This is fascinating German research comparing frequent fallers and infrequent fallers with a clinical diagnosis of PSP. The authors state:
“It is concluded that the occurrence of falls in PSP seems strongly associated with the deterioration of bulbar function, but not relevantly with typical parkinsonian features like rigidity and bradykinesia. The decreased ability to deal with distraction of attention under a dual-task situation points to a relevant impact of cortical and subcortical dysfunction on the frequency of falls.”
“Frequent fallers also showed an increased probability of an altered walking pattern with shortened step lengths and increased cadence under a dual-task situation.”
Frequent falling was not associated with disease duration.
Of the 26 cases studied, “13 patients suffered from Richardson’s syndrome (11 of them were frequent fallers, 2 were infrequent fallers), and 9 suffered from PSP-Parkinsonism (4 were frequent fallers, and 5 were infrequent fallers).” (One of the clinical characteristics of Richardson’s syndrome is unexplained falls as a primary symptom.) Four patients could not be assigned to a sub-type.
The “PSP Rating Scale” was used as part of the clinical investigation. These researchers described that scale as follows: “This scale comprises 28 items in six categories: daily activities (by history), behavior, bulbar, ocular motor, limb motor and gait/midline, and has been shown to be sensitive to disease diagnosis and progression.” The researchers found the PSP Rating Scale better at assessing subtle cognitive deficits in PSP than the MMSE or the FAB (Frontal Assessment Battery).
You can also find links to the scale itself and to Dr. Golbe’s research article about the scale) here:
http://forum.psp.org/viewtopic.php?t=2468 (see my post from 11/19/09)
I glanced over the full article today. I found these statements about postural instability very clear:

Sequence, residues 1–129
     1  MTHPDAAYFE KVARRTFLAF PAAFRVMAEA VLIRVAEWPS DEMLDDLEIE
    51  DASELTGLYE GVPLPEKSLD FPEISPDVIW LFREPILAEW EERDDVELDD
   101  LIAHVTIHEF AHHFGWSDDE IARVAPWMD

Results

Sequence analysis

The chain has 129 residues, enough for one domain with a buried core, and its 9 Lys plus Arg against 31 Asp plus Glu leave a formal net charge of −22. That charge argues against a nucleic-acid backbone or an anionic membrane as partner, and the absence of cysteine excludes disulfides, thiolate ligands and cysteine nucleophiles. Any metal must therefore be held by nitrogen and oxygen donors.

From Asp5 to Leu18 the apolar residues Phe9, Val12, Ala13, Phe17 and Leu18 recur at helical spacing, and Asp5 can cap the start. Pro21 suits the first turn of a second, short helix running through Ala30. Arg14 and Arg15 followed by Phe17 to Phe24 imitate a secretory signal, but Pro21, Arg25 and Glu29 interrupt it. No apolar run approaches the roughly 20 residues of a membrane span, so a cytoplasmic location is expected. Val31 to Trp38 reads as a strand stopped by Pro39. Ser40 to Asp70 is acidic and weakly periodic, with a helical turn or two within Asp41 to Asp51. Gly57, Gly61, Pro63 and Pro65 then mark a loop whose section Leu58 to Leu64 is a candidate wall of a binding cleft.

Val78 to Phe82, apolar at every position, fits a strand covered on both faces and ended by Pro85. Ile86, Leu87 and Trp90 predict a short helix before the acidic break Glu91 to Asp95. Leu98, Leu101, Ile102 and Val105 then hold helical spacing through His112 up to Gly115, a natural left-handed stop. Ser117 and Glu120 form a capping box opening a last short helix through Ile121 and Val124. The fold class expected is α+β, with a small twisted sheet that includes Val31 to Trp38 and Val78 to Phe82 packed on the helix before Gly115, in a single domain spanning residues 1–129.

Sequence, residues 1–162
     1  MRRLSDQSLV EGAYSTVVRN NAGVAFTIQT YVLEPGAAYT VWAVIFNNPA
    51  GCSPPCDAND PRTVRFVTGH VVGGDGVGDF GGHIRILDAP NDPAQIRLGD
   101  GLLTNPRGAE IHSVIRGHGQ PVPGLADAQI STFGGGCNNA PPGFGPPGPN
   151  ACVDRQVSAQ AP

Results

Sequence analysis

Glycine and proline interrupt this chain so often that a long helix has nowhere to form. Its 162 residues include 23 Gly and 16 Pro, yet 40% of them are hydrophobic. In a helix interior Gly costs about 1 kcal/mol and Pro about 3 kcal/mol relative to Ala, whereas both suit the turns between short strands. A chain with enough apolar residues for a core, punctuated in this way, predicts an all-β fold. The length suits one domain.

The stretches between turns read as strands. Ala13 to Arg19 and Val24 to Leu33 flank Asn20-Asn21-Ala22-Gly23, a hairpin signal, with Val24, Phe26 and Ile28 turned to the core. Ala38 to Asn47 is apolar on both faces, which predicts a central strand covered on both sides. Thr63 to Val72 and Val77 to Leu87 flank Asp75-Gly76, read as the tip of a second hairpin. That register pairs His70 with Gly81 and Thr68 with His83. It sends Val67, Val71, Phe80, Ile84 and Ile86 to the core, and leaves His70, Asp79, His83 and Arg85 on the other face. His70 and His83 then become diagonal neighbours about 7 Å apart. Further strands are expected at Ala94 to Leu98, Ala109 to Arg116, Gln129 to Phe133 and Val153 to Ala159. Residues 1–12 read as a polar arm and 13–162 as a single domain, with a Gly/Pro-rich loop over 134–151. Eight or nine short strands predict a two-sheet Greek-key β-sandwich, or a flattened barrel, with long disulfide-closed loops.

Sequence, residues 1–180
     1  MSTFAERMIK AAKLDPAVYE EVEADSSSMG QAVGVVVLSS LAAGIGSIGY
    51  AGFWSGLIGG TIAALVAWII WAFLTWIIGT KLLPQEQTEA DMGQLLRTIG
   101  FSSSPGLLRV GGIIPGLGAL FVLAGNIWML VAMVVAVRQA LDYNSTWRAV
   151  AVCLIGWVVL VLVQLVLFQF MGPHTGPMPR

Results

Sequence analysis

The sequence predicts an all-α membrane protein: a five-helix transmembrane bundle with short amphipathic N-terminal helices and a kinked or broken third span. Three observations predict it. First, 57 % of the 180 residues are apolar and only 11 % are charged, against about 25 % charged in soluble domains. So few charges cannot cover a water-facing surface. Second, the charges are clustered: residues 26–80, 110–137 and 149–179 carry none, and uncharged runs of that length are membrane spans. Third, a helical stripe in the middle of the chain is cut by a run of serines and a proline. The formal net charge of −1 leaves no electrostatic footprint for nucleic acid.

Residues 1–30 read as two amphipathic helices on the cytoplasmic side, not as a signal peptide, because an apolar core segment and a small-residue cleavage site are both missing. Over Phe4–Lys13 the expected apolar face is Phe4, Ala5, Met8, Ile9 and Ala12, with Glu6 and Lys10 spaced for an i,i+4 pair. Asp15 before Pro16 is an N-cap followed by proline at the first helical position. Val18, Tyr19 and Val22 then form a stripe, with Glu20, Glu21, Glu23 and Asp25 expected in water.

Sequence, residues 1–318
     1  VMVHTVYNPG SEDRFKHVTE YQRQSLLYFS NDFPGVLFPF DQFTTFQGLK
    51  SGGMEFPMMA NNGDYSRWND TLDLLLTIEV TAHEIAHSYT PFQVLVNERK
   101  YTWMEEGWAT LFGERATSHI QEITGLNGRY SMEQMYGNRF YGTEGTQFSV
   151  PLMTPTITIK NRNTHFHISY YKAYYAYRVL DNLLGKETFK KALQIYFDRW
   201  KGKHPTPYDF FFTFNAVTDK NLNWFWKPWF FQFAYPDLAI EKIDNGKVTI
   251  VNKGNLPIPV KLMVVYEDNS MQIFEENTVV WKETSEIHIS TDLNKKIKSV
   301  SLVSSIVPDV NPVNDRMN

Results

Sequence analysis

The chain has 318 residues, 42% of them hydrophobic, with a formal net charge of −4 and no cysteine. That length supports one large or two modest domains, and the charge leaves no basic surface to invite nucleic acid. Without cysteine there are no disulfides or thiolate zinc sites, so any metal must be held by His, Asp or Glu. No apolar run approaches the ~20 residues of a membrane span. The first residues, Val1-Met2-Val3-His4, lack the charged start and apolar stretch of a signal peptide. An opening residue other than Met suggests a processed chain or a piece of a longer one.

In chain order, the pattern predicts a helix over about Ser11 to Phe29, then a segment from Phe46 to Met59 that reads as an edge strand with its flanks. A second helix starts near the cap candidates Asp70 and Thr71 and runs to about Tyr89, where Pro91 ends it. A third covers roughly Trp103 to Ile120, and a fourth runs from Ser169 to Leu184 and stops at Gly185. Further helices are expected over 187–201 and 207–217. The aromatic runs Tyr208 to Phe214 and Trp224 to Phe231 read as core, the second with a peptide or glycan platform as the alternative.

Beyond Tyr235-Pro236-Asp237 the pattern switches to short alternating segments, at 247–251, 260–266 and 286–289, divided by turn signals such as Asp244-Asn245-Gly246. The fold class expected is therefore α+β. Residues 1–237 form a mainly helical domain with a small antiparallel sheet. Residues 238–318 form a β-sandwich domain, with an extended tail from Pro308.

“It is obvious that postural instability cause falls. Postural stability may include sensory organization, a motor adjustment process, and the background tone of the muscles. Cognitive processes such as attention and learning are also important resources required for postural stability. In PSP, the visual system (due to gaze palsy) and motor adjustment processes are known to be defective, and cognitive slowing is regularly and early observed.”
The abstract is copied below. It’s quite good, compared to other abstracts.
Movement Disorders. 2010 Feb 3. [Epub ahead of print]
Clinical and dual-tasking aspects in frequent and infrequent fallers with progressive supranuclear palsy.
Lindemann U, Nicolai S, Beische D, Becker C, Srulijes K, Dietzel E, Bauer S, Berg D, Maetzler W.
Department of Clinical Gerontology, Robert-Bosch-Hospital, Stuttgart, Germany.
Progressive supranuclear palsy (PSP) is a rare neurodegenerative disease with no sufficient therapeutic options to date. Falls are the most devastating feature. The causes of these falls are not well understood.
To test the impact of PSP-associated motor and cognitive features on falls, 26 PSP patients were prospectively recruited and divided into frequent fallers (> one fall/month, 18 patients) and infrequent fallers (</= one fall/month, 8 patients). Further parameters were assessed by clinical investigation and biomechanical gait and balance analysis with and without dual-task paradigms. Physical activity was measured through an ambulatory device.
Frequent fallers scored higher on the total PSP rating scale and the subscales “history,” “mental,” “bulbar,” “supranuclear ocular motor,” and “gait/midline exam” but not on disease duration, the subscale “limb exam,” the UPDRS motor score and the sway analysis.
Frequent fallers also showed an increased probability of an altered walking pattern with shortened step lengths and increased cadence under a dual-task situation.
It is concluded that the occurrence of falls in PSP seems strongly associated with the deterioration of bulbar function, but not relevantly with typical parkinsonian features like rigidity and bradykinesia. The decreased ability to deal with distraction of attention under a dual-task situation points to a relevant impact of cortical and subcortical dysfunction on the frequency of falls.
PubMed ID#: 20131396 (see pubmed.gov for this abstract only)